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Psycho: the Musical
a Musical Parody
CATEGORY : COMEDY
by Neil Diamond (music) and Lawrence J. Talbot (book and lyrics)

COMPANY : The Vertigo Players [WEBSITE]
VENUE : PULP Bookstore & Gallery [WEBSITE]
ID# 5434

SHOWING : January 25, 2019 - February 09, 2019

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PRODUCTION DESCRIPTION

The Vertigo Players present the story of a boy, his mother, and a shower in Neil Diamond’s "Psycho: The Musical." Based on the Hitchcock classic, witness all of the horror... the suspense... the terror... live in PULP’s Black Box theatre, all to the tune of Neil’s greatest hits such as "Boy, You’ll Be A Woman Soon" and "She Ain’t Heavy, She’s My Mother."

Be warned: This show contains descriptions of a sexual nature, murder, incest, misogyny, insanity, foul language and all-around general deviant behavior.


CAST & CREW LIST
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REVIEWS

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Campy Fun
by playgoer
Sunday, January 27, 2019
2.0
"Psycho: the Musical" is a parody of the Hitchcock movie, using Neil Diamond songs as fodder for parody lyrics interspersed with the dialogue. The production is about 75 minutes long, hitting the highpoints of the movie in campy fashion. It seems to be drawing an audience of dating couples who are in the mood for entertainment that is neither too long nor too taxing.

The stage and seating at PULP bookstore are above par. The stage is elevated and the seats are real theatre seats on risers that give fine sightlines. Lighting is not particularly good, with three lighting instruments and four residential floodlights that don’t give an even wash across the stage. Sound is excellent, although the sound level of the opening number overwhelms the voice of Kat Altman, playing Marion Crane (the Janet Leigh character). Songs are sung to recorded accompaniment, and all scene changes are covered by a spooky vocal track of sung syllables.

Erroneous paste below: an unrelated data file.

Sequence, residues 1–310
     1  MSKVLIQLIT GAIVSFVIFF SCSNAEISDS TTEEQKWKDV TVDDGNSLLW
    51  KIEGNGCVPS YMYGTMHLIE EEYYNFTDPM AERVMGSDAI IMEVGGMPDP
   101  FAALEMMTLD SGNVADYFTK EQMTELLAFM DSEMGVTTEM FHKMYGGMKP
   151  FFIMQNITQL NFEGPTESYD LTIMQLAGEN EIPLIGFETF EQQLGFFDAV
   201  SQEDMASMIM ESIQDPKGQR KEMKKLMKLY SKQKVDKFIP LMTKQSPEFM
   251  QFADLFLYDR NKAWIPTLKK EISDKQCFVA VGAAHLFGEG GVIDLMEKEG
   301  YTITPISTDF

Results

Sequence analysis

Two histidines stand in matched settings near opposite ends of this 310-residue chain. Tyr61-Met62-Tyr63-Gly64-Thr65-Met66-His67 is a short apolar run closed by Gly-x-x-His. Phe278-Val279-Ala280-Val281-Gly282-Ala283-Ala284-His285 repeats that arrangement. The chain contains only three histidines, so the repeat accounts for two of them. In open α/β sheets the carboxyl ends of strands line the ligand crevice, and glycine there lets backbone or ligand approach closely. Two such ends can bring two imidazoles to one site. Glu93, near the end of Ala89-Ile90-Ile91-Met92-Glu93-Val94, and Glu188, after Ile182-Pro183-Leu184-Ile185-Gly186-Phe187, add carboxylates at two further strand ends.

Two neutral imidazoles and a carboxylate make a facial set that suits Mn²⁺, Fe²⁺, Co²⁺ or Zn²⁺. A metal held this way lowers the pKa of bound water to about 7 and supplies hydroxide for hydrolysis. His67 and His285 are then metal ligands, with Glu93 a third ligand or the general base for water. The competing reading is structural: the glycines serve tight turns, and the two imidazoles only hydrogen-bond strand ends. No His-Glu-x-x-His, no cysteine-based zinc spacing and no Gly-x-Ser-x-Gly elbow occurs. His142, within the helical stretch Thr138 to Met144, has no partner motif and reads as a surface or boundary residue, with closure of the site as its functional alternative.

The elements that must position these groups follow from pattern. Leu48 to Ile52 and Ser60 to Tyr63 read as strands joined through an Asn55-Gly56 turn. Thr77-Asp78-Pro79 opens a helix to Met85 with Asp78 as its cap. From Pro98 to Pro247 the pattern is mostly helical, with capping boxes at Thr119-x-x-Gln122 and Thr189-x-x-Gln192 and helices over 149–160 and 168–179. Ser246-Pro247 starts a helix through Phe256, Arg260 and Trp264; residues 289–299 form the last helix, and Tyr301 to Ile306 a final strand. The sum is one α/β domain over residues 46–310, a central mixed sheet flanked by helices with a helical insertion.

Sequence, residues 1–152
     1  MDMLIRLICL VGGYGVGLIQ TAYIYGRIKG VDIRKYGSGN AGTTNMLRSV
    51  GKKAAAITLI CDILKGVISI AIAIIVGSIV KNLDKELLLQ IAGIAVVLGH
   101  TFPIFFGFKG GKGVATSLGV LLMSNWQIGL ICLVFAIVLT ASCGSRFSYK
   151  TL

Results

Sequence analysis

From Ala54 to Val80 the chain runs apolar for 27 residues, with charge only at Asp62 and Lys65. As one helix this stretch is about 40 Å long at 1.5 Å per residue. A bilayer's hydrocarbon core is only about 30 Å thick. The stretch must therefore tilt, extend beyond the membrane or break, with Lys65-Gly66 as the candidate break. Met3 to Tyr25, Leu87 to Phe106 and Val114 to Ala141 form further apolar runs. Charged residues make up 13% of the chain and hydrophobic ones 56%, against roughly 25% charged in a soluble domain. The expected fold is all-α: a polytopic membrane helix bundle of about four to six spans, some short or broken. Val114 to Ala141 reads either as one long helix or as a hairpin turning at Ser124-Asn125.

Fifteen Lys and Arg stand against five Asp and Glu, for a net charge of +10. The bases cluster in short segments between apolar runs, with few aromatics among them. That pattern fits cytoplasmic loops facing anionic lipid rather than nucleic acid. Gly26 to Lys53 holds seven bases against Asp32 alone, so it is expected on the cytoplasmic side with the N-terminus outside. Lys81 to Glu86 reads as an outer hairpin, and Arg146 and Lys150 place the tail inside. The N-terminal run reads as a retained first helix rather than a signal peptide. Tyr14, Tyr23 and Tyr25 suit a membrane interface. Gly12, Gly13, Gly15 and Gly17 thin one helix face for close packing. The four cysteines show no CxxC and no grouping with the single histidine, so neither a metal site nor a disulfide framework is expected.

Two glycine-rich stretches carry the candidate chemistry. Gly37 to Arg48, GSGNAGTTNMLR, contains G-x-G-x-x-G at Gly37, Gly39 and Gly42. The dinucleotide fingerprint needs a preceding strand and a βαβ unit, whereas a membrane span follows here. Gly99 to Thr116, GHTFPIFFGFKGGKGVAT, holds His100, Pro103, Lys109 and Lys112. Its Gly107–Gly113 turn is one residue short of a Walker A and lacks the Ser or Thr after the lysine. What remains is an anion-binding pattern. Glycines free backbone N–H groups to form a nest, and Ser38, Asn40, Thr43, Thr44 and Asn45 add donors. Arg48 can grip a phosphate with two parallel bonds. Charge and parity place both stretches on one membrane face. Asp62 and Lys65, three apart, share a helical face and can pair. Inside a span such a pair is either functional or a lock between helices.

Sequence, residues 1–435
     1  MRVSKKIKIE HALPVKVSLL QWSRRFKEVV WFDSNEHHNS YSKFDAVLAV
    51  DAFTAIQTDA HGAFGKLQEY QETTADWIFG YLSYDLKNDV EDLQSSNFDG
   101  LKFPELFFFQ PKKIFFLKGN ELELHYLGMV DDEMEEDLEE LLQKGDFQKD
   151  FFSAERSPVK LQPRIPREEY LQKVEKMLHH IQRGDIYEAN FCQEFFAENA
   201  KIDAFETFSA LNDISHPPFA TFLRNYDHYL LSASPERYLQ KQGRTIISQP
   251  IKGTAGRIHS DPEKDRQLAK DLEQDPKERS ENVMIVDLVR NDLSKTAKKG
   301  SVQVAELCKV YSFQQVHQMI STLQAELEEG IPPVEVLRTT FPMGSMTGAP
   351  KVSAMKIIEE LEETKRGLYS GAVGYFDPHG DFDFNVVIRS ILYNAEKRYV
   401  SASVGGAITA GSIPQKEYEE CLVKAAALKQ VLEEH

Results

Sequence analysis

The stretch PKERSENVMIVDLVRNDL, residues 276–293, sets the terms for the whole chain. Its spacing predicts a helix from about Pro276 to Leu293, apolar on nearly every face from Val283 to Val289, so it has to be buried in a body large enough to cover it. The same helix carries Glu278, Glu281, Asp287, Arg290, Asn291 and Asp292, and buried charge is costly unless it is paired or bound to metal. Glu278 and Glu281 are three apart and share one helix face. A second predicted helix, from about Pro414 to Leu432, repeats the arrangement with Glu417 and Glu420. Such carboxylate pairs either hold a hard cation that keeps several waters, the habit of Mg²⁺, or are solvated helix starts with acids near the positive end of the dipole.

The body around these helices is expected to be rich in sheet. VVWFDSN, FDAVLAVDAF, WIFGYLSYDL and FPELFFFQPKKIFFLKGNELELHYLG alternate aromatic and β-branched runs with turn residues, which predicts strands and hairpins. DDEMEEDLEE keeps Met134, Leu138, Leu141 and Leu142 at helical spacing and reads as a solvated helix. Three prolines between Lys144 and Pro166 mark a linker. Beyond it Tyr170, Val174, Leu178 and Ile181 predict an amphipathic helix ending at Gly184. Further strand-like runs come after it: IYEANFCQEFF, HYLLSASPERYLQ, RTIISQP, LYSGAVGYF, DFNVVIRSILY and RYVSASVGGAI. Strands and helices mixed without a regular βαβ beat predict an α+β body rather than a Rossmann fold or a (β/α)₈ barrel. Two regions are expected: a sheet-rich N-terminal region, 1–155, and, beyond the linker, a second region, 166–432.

Not all five actors are given equal chances to sing. Jake Mercer gets the most songs as Norman Bates. Ms. Altman and Sorrell Sanders, playing Marion’s sister Lila, get a couple. Lucas Scott, who plays boyfriend Sam Loomis, and Max Goodhart, who plays both Milton Arbogast and a psychiatrist, don’t get much of a chance to sing except in the finale. Voices are okay, but not terribly impressive. The parody lyrics by Lawrence J. Talbot aren’t terribly clever, going for obvious laughs.

The set is basic, but effective. Stage left, we have the front desk of the Bates Motel. Upstage, we have a painted window and a bureau, representing the motel room. Stage right, we have a shower enclosure and a pay phone. A folding card table and chairs are used as necessary for individual scenes. Costumes are good, with the comic highlight occurring in the shower scene. Props are good too, with the Chevy cutout used for the first scene very nicely done.

Performances are fine. Mr. Goodhart gets to show off a couple of different accents, and Mr. Scott has a lot of energy in his minor role. Mr. Mercer does nice work with his addresses to the audience, and Misses Sanders and Altman hold their own. It’s just that the slapdash quality of the writing doesn’t particularly impress. If you like the movie "Psycho," are in the mood for comedy, and don’t want to expend too much time or money or brain power, this might be the show for you. Otherwise, maybe it isn’t. [POST A COMMENT REGARDING THIS REVIEW]


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